Our first Bug Banquet was a wonderful success, so we're doing it again!  Insects are not only a unique form of protein, they are also a sustainable form of agriculture and require less water, grain, and space than any other form of livestock... all while yielding more protein!

Join us for a night to celebrate entomophagy - the act of eating insects.  You do it every day, in every single meal without knowing, anyway!

Join us November 3rd at 6:30pm at the Blue Star Brewing Co.  Register at http://agriliferegister.tamu.edu/BexarCounty


Tuesday, September 6, 2016

Butterfly Invasion???

It isn't a butterfly invasion, but it is a butterfly migration!  This year the American Snout Butterflies are making their way down to the Rio Grande River area in mass numbers.
American Snout Butterfly, topside of wings.

American Snout Butterflies get their name from elongated mouthparts called palps that extend from the head.  They are small to medium sized butterflies (much smaller than a Monarch, also a bit smaller than a painted lady) and have orange and brown markings.  They blend in perfectly on bark and even flying can appear to be a leaf fluttering in the wind.

American Snout Butterfly underside of wings.
Each year, these guys make their migration, but their numbers are directly correlated with rainfall and moisture.  This year we had rain at the right times to help their population.  What the rain does is increase the leaves their host plant makes - the spiny hackberry.  With more food, the females lay more eggs in the summer and those eggs hatch and the caterpillars eat the new growth.  The caterpillars can really only eat new growth from the spiny hackberry because its tender enough for them to chew on.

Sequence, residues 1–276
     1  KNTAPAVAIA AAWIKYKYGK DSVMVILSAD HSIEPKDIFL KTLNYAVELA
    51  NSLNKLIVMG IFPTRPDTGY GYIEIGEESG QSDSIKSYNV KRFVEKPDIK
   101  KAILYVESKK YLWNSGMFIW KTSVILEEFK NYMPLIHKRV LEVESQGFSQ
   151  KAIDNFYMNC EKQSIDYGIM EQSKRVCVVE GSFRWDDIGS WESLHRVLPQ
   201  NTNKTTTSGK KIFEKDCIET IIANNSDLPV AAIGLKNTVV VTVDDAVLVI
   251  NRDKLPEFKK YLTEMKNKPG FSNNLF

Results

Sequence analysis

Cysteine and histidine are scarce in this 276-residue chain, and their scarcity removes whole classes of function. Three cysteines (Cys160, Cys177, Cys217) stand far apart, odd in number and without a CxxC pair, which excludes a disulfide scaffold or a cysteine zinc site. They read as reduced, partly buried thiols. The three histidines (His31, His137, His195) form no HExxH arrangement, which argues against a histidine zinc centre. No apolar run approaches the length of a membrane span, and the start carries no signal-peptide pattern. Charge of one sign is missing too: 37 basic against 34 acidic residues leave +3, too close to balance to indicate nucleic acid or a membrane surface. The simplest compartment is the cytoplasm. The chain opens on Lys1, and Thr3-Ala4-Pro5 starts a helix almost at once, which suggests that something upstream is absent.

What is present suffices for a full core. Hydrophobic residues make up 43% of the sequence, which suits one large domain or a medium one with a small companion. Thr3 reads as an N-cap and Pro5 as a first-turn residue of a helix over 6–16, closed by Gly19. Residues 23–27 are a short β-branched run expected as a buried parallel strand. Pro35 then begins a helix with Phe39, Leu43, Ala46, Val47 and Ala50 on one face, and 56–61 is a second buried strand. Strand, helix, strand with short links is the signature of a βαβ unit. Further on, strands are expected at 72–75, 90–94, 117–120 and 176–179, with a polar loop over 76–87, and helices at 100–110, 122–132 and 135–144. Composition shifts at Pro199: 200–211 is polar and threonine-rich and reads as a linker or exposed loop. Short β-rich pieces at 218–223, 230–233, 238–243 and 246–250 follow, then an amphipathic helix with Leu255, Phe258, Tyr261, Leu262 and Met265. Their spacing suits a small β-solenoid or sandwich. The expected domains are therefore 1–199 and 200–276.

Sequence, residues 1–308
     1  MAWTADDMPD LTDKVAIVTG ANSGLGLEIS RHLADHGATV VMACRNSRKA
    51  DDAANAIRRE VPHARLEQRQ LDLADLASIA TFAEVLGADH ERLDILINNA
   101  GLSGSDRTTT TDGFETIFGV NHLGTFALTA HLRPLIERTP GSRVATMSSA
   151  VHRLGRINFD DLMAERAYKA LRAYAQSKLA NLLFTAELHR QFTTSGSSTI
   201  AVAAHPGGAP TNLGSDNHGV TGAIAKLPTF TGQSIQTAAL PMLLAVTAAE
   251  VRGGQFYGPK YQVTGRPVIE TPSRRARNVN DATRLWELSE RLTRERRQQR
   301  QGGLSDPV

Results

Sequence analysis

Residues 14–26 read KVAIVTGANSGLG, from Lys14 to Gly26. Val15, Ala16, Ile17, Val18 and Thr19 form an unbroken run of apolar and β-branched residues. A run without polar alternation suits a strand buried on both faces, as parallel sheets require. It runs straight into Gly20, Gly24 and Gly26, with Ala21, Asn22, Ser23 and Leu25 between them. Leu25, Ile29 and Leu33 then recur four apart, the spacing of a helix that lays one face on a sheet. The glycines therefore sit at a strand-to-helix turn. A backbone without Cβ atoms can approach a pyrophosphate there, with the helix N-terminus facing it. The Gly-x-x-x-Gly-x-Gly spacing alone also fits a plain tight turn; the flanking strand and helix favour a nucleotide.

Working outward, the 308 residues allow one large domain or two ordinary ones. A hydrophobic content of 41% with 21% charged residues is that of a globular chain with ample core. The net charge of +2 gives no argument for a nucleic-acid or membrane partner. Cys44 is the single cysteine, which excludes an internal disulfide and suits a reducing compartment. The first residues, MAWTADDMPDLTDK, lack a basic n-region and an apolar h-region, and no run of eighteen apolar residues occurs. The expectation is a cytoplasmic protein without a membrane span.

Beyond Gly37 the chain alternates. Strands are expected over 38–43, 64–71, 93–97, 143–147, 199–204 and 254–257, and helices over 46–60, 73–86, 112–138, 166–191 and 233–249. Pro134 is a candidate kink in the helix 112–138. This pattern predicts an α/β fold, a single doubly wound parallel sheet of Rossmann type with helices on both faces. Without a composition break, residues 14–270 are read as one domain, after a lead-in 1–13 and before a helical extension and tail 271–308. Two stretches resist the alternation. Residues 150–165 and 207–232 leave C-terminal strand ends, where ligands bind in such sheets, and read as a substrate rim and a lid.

This population explosion we are seeing is a result of those babies (caterpillars) becoming pupa and emerging to migrate down south.

Migration is often during late summer to early fall.  It isn't uncommon to see these large numbers, in fact we've seen in them in the not so distant past.

Expect to see them through the early part of fall.  In some years there are two generations before the fall is over, and I suppose time will tell if that will occur this year.

While they can be annoying and leave a mess of your car, there really no way to avoid them for the time being.  And you aren't killing them off - no matter how many you hit on your drive, there are still thousands upon thousands that will make it to their final destination.

Other butterflies you may be seeing mixed in with these are sulfurs and even some brushfooted butterflies.  But, by and large, if you notice large numbers of butterflies, you are seeing the American Snout Butterfly.

Wednesday, August 31, 2016

Webinar - Identification for Venomous and NonVenomous Snakes

Photo credit: Bevva MacDonals, Sault College, Bugwood.org

Although snakes are not insects, I get questions about them all the time.  Dry weather has definitely put me on higher alert for them.  If you are interested in learning more about Venemous and Nonvenemous Snakes, watch our “All Bugs Good and Bad Webinar Series” this Friday September 2nd at 1:00 pm.